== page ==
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A Scar Inventory

By Rachel Rueckert

Yesterday I visited a good friend. She placed her freshly bathed ten-month-old baby on the couch next to me. I am not a baby person, but this baby enchanted me—the leg rolls bunched under his diaper, the way he reached his greedy fingers out for everything, the startled look in his azure eyes when he stared at my mouth as he strained to understand language patterns.

The familiar phrase “soft as baby’s skin” did not register beyond a platitude until this moment. I smiled and stroked the baby’s bare back, noting the warm, velvet quality to his flawless pink skin. My fingers detected a faint layer of peach fuzz. He is new to this life, a fresh canvas for experience.

Today I thought about my own twenty-eight-year-old skin, still young but not new. I was overcome by a sudden bizarre desire to take an inventory of scars on my body. I could not see them all, so I asked my husband to help. He was more than happy to oblige.

“Start with my toes,” I said. “I stubbed my toe on my dad’s power drill in the garage once. The hospital had to glue it back together.”

My husband squinted as he examined my toes. “Do you know which foot it was on?”

“No.”

“There is nothing here,” he finally said.

We didn’t count it and moved on.

My pale legs were covered in dings. We found a purplish dent on my right shin—a relic from a gruesome bruise when I leapt too soon out of a sailboat—then another shiny translucent shape like a canker on my inner right knee from a time I ran into the corner of an exterior brick wall of my childhood home. These were not interesting stories, mere evidences of clumsiness.

My left leg was no different, more familiar raisin-textured blotches I had seen each time I shaved or peered at my legs whenever I wore a swimming suit. These welts carried no stories my mind found worth remembering.

Then we visited some of my old favorites: a faint white pockmark on my right thigh from the time I was accidentally tasered as a teenager by my friend’s police officer father, a smile on the heel of my left palm from the coral reef of an otherwise euphoric day of surfing during the time I lived in Hawaii; a crescent on my left pointer finger from lopping off the tip with a roller fabric cutter which horrified my junior high class.

There were more: a dot on my sternum from a loose bra wire, a thin hairline down my left pinky, a raised thread on the back of my right hand, then my belly button, which we both agreed was everyone’s first scar. I realized that even my friend’s baby, by virtue of the trauma of being born, had already experienced more life than I’d originally given him credit.

“I think that’s it,” my husband said, double checking my right arm.

“You are forgetting one more,” I said, referring to the only scar I hated.

There was a pause. “Oh yeah,” he said. Then my husband kissed my upper lip, the place where an ex-boyfriend’s snowboard slashed through my face on the Utah slopes and left me with nineteen stitches which had to be put in by a plastic surgeon at the ER. I remember staring at the doctor as he threaded through my flayed face, keenly aware he was wearing jeans because he had to rush in after being on call. I could barely feel my husband’s kiss given the nerve damage in that area of my face. The doctor hid the damage well, but there is still a narrow white scar.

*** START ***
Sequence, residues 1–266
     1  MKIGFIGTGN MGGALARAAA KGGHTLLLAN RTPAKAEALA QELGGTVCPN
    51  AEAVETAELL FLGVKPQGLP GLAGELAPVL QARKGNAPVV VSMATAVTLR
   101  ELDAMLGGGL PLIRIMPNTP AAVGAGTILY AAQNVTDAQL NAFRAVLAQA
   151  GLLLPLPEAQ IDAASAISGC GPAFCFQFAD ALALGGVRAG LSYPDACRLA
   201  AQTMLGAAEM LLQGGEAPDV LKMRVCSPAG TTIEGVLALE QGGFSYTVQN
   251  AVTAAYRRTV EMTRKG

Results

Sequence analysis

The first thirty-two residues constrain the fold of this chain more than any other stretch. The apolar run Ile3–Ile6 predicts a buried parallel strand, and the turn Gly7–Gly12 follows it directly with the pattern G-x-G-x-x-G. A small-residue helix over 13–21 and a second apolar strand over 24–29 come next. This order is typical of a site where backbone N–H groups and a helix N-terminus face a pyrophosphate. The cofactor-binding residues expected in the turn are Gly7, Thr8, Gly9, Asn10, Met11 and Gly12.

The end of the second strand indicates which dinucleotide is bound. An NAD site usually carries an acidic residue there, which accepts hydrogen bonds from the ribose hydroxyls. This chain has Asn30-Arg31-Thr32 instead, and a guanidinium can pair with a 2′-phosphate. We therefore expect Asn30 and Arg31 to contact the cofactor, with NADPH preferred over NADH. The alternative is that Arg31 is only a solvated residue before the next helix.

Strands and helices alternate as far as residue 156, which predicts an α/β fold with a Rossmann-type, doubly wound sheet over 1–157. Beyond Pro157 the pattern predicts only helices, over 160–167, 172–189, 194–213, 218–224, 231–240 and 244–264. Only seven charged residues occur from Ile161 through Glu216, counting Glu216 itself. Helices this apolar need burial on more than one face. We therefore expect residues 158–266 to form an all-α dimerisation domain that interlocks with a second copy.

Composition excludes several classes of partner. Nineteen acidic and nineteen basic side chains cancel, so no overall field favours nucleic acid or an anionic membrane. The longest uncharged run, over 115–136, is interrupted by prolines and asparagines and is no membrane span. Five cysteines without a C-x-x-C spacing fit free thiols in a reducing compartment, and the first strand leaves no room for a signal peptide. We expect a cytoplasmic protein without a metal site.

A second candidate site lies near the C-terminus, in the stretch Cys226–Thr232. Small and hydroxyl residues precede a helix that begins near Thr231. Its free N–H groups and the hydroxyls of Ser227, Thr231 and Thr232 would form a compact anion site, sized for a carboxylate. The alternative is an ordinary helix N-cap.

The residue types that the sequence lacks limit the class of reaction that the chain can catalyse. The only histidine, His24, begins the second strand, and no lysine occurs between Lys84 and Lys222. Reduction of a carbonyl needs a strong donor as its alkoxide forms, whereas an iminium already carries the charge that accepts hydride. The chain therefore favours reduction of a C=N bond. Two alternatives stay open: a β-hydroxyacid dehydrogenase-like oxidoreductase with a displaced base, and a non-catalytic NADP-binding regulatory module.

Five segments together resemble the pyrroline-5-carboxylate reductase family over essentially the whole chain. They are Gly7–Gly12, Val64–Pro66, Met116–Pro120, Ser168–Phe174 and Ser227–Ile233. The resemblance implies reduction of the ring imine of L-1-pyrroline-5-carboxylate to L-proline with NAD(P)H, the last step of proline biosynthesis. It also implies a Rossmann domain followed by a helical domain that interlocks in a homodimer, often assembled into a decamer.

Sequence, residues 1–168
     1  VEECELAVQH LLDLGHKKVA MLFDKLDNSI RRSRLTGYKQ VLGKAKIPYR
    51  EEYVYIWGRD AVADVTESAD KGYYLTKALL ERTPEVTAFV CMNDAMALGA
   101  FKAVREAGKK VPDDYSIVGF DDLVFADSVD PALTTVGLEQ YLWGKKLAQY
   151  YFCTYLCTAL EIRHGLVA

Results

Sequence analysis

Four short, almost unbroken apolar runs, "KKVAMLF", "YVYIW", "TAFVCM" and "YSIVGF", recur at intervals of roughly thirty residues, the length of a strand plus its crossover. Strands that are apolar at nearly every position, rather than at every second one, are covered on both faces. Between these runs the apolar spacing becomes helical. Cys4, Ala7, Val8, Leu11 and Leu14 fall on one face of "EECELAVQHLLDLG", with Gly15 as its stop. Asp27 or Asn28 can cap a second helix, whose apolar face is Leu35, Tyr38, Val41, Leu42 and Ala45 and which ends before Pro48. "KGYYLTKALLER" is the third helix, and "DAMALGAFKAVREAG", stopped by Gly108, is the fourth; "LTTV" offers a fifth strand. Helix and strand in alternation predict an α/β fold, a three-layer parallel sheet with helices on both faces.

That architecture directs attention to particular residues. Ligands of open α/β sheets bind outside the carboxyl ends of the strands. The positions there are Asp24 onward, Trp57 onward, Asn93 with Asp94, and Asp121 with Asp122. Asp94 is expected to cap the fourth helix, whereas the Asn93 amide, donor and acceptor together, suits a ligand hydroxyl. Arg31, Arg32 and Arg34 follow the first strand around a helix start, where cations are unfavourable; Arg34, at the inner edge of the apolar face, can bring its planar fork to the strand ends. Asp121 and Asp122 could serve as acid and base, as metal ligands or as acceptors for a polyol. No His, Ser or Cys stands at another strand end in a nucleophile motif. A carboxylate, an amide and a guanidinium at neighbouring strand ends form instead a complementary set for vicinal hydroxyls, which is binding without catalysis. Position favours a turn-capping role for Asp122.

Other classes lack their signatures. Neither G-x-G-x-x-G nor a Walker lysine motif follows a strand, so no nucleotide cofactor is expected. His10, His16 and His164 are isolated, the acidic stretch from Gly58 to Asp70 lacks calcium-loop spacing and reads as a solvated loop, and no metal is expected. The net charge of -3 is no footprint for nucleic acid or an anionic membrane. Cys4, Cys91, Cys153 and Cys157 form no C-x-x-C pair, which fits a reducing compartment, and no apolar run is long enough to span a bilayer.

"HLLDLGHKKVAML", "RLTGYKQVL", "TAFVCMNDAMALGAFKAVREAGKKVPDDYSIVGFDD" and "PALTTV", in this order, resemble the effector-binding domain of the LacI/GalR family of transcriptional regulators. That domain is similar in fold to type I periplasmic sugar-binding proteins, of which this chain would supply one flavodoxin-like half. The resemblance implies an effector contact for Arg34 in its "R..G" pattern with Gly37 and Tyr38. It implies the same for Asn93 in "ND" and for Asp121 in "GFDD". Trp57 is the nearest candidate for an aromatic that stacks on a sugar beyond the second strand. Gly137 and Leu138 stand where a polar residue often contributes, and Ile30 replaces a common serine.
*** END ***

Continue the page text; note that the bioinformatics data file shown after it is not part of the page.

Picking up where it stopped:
We completed the inventory. The two of us counted twenty scars on the landscape of my body.

Twenty! I thought, a bit bewildered by how many scars I had never noticed: two mysterious white spots on my left rib, two scrapes on each elbow, a faint arc on my left bicep, a pink gash on my lower left forearm, a faded cut on the side of my left hand, a bleached circle on my left wrist, twin smatterings on each hip (which Austin and I both thought might be faint stretch marks or road rash).

Twenty! I thought again, this time with a hint of disappointment. Twenty means eight less years than years I’ve lived. Was this a poor average? For a detectable second, I worried I have not lived enough. I am cautious about risk, but I crave feeling alive.

I know there is danger in glorifying scars, foolish to want more. My particular collection of scars signifies a lucky life, a safe life. My scars are not like pockmarked marble walls from bullets in England from The Blitz I gawked at on my first trip to Europe. I know I have never seen the horrors of war except in books and movies. My scars are not like the Tibetan men who spoke at a human rights gathering I attended in India about their escape from China, pulling up their shirts to revealing bubbling backs from years of unthinkable torture. My scars are nothing like my six-year-old cousin who’s third brain tumor was removed a few months ago. Her shaved head is covered in the kind of scars no family deserves. No, my scars are more like the scuffs on my writing desk—accidents, vaguely unfortunate, there if you take the time to look.

But scars do tell stories. They are the tattoos of nature, the marks of experience and pain. Each person contains innumerable internal wounds, but there is something reassuring about being able to count external scars. There are less mind games about who or what caused the pain. The physical mark is there. We can point, describe the scars by their shapes and colors. Just as the moon can be dated by the layers of lacerations from asteroids and space debris, our scars give us a chronology of our growing then aging bodies on Earth. No matter the person, no matter the circumstances, no one escapes this life without a scar.

About Rachel Rueckert

Rachel Rueckert is a Utah-born, Boston-based writer and international curriculum director. She is an MFA candidate at Columbia, where she is working on her first memoir about marriage and travel.

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